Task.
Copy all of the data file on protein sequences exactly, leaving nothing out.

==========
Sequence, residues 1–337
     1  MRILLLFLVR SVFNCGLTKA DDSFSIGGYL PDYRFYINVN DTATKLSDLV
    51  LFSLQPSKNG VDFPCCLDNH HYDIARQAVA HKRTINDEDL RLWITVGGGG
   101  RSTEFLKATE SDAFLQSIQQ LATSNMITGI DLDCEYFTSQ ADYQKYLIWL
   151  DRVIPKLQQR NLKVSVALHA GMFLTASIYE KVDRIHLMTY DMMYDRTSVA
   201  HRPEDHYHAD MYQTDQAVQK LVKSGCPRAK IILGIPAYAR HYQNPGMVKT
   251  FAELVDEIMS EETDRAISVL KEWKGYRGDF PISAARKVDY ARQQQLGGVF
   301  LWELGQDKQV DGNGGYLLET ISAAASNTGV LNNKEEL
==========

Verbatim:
Sequence, residues 1–337
     1  MRILLLFLVR SVFNCGLTKA DDSFSIGGYL PDYRFYINVN DTATKLSDLV
    51  LFSLQPSKNG VDFPCCLDNH HYDIARQAVA HKRTINDEDL RLWITVGGGG
   101  RSTEFLKATE SDAFLQSIQQ LATSNMITGI DLDCEYFTSQ ADYQKYLIWL
   151  DRVIPKLQQR NLKVSVALHA GMFLTASIYE KVDRIHLMTY DMMYDRTSVA
   201  HRPEDHYHAD MYQTDQAVQK LVKSGCPRAK IILGIPAYAR HYQNPGMVKT
   251  FAELVDEIMS EETDRAISVL KEWKGYRGDF PISAARKVDY ARQQQLGGVF
   301  LWELGQDKQV DGNGGYLLET ISAAASNTGV LNNKEEL